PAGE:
The 4th Circuit Court of Appeals recently upheld a debtor’s right to strip off a second mortgage
Just this past week the Fourth Circuit Court of Appeals (the appellate court below the U.S. Supreme Court for Maryland, Virginia, West Virginia, North Carolina and South Carolina) upheld a lower court decision allowing a second mortgage to be stripped off in a Chapter 13 plan. In that case, Suntrust Bank challenged a Maryland debtor’s right to strip off a second mortgage. The Bankruptcy Court allowed it, and the decision was affirmed by the District Court. SunTrust appealed to the Fourth Circuit, which summarily held:
SunTrust appeals the district court’s order affirming the bankruptcy court’s order granting the Debtors’ Motion to Avoid Lien. We have reviewed the record and find no reversible error. Accordingly, we affirm for the reasons stated by the district court. SunTrust Bank v. Millard, No. 8:08-cv-03002-MJG, 08-17964 (D. Md. Nov. 7, 2008 & Sept. 28, 2009).
So mortgage stripping in South Carolina is alive and well, provided the facts (valuation and loan balances) justify it. If you have a second mortgage and wish to keep your home, talk to a bankruptcy lawyer about your options. Given the fact that out-of-court modification isn’t always successful, the only real opportunity may be under the Bankruptcy Code.
hmmm, don’t know if this is really where to leave this info, but assuming an attorney will read this and comment back to me:
My situation: I had the Amish build me a custom built log home in 1999, that’s almost 5,000 sq ft and is located on 12 acres in Polk Co., IA. Citimortgage hold’s 1st mortgate at $602,000 and CityBank holds second mortage at $42,000. Am paying 2.75% on mortgage modification loan for a year now, an in process of applying for mortgage modification loan on 2nd mortgage now. Got county tax assessment lowered to house value of $368,000 with land value at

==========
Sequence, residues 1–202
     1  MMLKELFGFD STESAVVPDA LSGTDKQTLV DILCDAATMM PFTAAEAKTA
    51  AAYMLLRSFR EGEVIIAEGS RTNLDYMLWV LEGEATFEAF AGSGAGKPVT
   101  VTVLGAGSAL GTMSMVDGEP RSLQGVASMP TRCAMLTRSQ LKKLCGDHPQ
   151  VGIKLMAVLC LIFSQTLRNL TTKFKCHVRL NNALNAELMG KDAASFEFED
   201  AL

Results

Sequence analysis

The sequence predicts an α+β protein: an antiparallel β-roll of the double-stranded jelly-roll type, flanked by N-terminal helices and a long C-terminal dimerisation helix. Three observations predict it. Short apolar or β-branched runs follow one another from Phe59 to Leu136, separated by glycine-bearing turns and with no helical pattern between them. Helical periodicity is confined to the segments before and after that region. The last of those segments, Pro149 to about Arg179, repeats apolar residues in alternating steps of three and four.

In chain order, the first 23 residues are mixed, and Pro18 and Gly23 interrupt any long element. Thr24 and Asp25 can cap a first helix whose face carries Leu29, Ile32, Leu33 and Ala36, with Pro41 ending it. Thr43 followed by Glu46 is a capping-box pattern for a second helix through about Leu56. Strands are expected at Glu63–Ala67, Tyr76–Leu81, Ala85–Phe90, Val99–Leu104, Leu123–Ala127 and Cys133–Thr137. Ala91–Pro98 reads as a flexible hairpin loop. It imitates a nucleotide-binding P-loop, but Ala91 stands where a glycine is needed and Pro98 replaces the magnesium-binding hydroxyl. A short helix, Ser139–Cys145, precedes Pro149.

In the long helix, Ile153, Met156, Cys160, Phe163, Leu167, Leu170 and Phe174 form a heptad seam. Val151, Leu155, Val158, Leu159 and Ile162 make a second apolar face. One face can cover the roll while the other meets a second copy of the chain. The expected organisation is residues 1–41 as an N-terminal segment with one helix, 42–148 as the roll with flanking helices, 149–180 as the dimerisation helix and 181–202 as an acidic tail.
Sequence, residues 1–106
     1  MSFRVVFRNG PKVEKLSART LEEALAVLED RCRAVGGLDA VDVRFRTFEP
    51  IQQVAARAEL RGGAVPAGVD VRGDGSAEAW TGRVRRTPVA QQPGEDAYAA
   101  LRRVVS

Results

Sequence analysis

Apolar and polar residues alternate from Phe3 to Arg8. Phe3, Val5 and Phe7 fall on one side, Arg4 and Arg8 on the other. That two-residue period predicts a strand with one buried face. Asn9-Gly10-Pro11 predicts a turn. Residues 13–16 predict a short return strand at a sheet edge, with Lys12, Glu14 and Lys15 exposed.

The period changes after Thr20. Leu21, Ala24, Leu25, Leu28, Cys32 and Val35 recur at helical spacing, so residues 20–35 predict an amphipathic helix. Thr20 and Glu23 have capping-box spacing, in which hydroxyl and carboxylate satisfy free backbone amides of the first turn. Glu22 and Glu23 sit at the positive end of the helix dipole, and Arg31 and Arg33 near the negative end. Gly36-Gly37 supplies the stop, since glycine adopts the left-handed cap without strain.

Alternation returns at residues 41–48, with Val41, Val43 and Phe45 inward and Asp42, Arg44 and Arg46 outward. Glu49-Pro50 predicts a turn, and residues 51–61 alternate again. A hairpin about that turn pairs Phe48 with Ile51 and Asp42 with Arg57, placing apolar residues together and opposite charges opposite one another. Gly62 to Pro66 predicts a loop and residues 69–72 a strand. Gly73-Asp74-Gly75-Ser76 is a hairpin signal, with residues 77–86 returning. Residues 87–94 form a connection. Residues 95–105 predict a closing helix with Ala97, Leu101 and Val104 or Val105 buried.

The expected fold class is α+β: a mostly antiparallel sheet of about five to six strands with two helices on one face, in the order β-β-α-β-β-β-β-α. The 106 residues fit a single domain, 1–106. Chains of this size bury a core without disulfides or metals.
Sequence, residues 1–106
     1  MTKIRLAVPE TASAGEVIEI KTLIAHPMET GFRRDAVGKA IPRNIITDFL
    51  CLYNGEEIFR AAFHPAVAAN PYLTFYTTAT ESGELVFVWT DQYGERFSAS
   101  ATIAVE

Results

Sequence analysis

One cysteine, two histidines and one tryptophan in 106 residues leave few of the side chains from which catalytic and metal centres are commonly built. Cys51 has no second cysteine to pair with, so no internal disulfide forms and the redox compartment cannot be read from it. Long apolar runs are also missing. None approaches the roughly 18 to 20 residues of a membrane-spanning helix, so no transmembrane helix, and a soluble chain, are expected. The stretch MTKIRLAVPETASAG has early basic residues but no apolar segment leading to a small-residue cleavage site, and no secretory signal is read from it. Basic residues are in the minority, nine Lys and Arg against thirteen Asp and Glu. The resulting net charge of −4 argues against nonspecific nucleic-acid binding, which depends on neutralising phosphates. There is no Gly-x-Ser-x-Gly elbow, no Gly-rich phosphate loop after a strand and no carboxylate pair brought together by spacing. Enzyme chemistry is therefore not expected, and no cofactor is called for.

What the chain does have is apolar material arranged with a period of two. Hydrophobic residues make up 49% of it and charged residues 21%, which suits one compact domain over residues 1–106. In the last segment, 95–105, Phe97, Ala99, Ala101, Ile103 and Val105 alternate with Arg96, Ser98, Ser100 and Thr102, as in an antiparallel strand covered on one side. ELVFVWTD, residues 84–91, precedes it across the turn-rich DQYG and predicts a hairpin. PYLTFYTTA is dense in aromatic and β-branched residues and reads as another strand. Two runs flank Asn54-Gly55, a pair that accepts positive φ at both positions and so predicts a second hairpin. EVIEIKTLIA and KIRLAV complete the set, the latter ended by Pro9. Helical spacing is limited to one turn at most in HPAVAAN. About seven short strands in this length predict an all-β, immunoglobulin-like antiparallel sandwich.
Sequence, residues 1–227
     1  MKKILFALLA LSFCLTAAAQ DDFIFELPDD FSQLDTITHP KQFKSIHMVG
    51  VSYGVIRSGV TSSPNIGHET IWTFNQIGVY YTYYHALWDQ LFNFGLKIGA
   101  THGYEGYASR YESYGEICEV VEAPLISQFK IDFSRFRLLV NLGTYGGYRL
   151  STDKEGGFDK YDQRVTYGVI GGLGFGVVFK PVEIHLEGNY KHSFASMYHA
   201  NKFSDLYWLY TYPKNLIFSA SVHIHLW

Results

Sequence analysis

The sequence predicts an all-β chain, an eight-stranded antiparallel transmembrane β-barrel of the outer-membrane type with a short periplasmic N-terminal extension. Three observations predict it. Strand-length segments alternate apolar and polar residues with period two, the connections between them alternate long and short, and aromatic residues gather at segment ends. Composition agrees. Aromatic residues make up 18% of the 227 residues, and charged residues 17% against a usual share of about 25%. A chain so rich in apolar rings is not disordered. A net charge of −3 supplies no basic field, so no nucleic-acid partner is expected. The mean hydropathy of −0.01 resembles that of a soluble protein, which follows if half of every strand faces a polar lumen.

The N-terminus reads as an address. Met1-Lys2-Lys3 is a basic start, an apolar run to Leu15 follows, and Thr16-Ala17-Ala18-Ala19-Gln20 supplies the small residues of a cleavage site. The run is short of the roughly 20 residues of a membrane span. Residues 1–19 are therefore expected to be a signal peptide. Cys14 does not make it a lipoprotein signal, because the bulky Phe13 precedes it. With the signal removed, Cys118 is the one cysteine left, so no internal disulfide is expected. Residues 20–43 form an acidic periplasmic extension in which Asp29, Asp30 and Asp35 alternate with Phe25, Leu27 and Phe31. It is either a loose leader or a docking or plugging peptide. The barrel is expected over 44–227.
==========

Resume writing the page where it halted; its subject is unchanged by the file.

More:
$90,000. for a total property assessed value at $458,000. I am 61 years old and need to downsize
to a smaller property due to living on fixed income for life from a structured annuity and disaility income. If I cannot sell my home without taking a huge loss before 2013 and possibly would then have to pay tax on the difference from what I owe and what the house actually sells for, maybe
$450,000 sold and owe around $640,000? I don’t want to have to pay uncle sam tax on $190,000.
which is the difference. Should I check into a short sale, or bankruptsy before 2013, or foreclosure?
I really need to know which would be the best way for me to go. There is little money left now after I pay my monthly bills and I’m thinking I would be better off renting at this time in my life. I do hope someone will read this who can give me some sound advise. Thank you in advance for reading and considering this information. Sincerely, Cheryl Roe
Thanks for commenting. You have a very complicated situation and need to discuss this with a bankruptcy lawyer in IA. What you do largely depends on other facts I don’t know about, like your income and other debt issues (unsecured debts, for example). You need to discuss your entire financial situation with a local attorney face to face in a 1-2 hour meeting. I wish you the best. Thanks for commenting.